Terrible Poem Breakdown: “The Dancer”

O Poetry! / I sing your praises / hat in hand / my love for you / cannot withstand…

Come on! We’ve all been there, scribbling away, versifying. You remember: angry rants, young professions of love, jerry-rigged end rhymes, on and on and on. We’ve all been in high school! It happens! And what then? You crumple them up and throw them away. Right? Or you keep them. Maybe you submit them to little journals or the New Yorker.

And then there are those that find their way to me. And I let their agonizing sincerity (coupled with their lack of quality) wash over my discerning mind and try to feel whatever emotion the poet was trying to convey. Sometimes the results are mixed; other times they’re just all bad. Always (I like to think) the game is worth the candle.

The usual reminder: the Terrible Poem Breakdown series looks upon failed poems and describe their impact on me. The only two rules are that 1) the writer is completely on board with being criticized, and 2) the poem cannot be willfully bad.

Here we go!

The Dancer

Every parent knows the feeling of unexpected joy.
The moments when you realize how godlike you are.
For me it happened during a hike through Youtube.
I thought I’d show my boys Fred Astaire dancing on the ceiling
While they’re young enough not to know the camera trickery,
And to be astounded by the man’s supernatural powers:
His dancing magic.
In walks Fred, wearing a tux.
I lifted my hand from the mouse and was settling in
When my youngest cried, “He looks like you, coming home from work!”
Which made me laugh out loud.
That night, at bedtime, the boys were causing trouble on purpose, refusing to settle down.
I deployed my strategy of Effective Teasing,
The proper balance of making a point with humor, with a degree of directness they could handle.
“Oh,” I said, “I can’t wait until I’m old and gray, and I come to visit you and your boys.
They’ll be causing trouble at bedtime
And I’ll laugh and laugh and laugh.”
This quieted them (after a few giggles).
I kissed their foreheads and tugged their blankets into place.
My hand was on the knob when my oldest called out:
“And when we’re old and gray, you’ll be dead!”
Freezing me in the doorway.
We could stop by saying that parenting reduces the self.
The unexpected flattery that buoys you up, the innocent truthtelling that tears you down.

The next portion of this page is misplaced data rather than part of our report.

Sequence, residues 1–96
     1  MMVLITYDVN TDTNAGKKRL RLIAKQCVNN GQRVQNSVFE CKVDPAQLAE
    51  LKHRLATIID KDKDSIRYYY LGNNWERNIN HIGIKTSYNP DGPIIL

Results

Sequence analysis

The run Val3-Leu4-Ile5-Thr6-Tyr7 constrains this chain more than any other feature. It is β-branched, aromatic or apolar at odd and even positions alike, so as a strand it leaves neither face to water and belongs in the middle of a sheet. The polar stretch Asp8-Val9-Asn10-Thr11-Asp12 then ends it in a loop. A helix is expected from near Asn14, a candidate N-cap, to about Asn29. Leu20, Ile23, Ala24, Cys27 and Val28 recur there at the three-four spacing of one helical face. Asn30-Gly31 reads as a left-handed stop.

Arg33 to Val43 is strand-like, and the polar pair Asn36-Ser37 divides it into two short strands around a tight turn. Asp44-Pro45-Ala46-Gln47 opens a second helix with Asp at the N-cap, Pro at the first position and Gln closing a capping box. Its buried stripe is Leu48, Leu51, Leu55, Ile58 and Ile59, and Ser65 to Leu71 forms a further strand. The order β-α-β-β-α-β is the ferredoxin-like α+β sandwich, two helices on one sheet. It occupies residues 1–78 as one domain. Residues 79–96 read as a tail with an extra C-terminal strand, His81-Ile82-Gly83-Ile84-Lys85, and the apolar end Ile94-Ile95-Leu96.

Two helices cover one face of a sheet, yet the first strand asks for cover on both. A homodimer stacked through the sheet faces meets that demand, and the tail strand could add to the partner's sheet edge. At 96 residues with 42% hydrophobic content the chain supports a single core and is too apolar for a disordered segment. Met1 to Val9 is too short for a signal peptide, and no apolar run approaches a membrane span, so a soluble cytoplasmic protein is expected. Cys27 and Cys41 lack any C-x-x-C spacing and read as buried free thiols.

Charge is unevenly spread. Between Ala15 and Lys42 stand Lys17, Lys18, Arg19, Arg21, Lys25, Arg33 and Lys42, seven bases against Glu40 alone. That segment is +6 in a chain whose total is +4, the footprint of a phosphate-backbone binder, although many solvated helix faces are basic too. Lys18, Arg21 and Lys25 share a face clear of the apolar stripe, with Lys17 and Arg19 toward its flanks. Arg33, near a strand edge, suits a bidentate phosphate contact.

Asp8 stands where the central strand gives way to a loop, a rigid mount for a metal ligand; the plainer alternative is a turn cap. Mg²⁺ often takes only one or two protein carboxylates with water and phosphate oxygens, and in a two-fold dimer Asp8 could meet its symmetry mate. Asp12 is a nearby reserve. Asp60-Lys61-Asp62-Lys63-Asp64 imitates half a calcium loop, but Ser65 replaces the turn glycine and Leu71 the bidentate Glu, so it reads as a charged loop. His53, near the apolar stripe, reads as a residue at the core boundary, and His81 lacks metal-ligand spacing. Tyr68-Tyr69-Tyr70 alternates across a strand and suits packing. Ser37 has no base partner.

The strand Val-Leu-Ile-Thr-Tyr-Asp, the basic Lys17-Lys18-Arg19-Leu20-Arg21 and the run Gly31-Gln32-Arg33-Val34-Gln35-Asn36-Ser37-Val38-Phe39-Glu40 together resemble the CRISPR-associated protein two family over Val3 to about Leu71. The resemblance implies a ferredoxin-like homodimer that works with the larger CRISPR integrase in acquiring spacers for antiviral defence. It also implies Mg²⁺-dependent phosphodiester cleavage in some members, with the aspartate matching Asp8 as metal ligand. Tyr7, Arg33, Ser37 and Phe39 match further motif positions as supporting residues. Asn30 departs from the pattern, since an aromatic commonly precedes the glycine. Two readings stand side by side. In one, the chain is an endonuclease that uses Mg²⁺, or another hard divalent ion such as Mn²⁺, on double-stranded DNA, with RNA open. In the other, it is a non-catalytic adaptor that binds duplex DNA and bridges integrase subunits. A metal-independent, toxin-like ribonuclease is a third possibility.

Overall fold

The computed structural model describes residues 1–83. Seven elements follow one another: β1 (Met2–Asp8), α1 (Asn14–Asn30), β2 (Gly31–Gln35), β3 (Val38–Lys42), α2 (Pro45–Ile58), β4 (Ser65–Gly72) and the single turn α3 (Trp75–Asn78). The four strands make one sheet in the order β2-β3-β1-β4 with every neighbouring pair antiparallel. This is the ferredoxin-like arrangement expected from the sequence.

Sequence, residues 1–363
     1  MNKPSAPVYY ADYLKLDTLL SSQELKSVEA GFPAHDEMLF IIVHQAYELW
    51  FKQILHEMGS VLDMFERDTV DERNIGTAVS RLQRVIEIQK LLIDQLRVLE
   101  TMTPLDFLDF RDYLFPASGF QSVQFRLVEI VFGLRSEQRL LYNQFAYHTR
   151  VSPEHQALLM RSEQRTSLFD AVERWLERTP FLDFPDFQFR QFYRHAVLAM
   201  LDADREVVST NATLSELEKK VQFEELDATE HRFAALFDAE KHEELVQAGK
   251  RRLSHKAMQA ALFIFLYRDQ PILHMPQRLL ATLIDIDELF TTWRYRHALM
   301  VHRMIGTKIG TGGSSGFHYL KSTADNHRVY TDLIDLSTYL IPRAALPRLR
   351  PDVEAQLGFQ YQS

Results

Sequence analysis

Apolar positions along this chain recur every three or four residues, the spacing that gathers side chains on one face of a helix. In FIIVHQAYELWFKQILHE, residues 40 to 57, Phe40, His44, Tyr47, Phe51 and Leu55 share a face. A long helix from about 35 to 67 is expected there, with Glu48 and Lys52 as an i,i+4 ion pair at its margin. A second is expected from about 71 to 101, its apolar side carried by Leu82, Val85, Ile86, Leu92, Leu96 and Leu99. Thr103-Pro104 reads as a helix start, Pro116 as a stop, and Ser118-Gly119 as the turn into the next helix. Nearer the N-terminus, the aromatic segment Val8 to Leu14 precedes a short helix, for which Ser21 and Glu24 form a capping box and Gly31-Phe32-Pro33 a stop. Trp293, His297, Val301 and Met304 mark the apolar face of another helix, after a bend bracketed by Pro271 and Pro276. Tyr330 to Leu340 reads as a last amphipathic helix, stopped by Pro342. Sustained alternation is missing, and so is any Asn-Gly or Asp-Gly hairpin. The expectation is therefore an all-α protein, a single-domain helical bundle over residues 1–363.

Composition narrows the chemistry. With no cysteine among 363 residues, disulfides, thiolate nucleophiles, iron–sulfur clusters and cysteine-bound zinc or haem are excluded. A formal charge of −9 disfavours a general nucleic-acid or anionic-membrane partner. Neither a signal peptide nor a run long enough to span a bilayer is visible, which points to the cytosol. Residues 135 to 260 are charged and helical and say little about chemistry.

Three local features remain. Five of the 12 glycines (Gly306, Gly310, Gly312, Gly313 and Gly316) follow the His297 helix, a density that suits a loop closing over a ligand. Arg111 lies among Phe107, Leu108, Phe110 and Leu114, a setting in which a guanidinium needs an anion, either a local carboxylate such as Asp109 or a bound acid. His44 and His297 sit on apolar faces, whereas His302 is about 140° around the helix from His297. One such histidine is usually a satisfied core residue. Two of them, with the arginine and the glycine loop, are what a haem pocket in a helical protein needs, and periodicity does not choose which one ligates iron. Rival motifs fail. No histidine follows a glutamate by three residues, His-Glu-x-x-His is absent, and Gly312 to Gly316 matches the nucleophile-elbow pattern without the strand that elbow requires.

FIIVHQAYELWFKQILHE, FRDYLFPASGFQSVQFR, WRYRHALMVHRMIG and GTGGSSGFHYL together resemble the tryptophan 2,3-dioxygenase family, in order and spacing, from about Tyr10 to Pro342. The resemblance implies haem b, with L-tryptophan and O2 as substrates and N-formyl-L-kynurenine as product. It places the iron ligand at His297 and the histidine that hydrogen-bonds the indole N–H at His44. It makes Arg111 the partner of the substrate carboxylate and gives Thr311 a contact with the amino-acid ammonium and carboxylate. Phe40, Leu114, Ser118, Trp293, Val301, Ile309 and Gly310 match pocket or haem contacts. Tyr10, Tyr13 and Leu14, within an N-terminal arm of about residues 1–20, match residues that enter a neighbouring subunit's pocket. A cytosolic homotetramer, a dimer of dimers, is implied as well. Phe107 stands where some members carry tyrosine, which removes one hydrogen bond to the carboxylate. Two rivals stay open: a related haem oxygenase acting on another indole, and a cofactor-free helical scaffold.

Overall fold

But it goes deeper (and by it I mean the obliteration of the self).
Because I had grown.
In the morning I hadn’t thought about me and the dumb monkey costume that I wear to my job.
No, I thought how my youngest has not yet learned the difference between a suit and a tux
And that there will come a day where he’ll see that I am worlds away from Fred Astaire,
Sartorially and otherwise.
And I was not sad but eager to teach: those are important distinctions for his future ability to function and thrive in society.
And at night, shocked by my mortality, and the pain at being reminded that if all goes well I’ll be outlived by my boys, I felt a kind of pride.
My oldest son was correct. He had learned something essential about life.
He knew how time progresses and what’s in store for us all.
He was growing, as he needed to be.
And maybe he sensed, without truly understanding, that for every step he takes, his parent is taking steps too.
And behind those steps is a kind of magic.

Jesus, how many poems are about Death? One wonders if that in and of itself is enough to separate us from other species. We no longer stand alone as toolmakers. Are dolphins whistling to each other about the pains of getting older and dying? Hmm.

This one is dripping with sentiment, which is of course not great for a poem. On the other hand, I should say that this could have been so much worse! Parents of young children? Could there be a more sentimental state of mind? You’re filled with urges to share the goopiest of sentiments. It’s only human! Though maybe not exclusively human – I would imagine that dolphins are whistling away about this too. Anyway, this poem heads in the direction of Ain’t We Cute but swerves away at the last second. It kind of swerves off a cliff, of course, but nevertheless I appreciate the swerve. Good swerve, poet! Bad poem… but good swerve!

As always, my thanks to the poet for being a good sport and for agreeing to submit to the Terrible Poetry scrutiny. Now it’s back to the submissions pile. Maybe something shorter next time? Something funny? I’ll take a look.

Other Poems in the Terrible Poem Breakdown Series:


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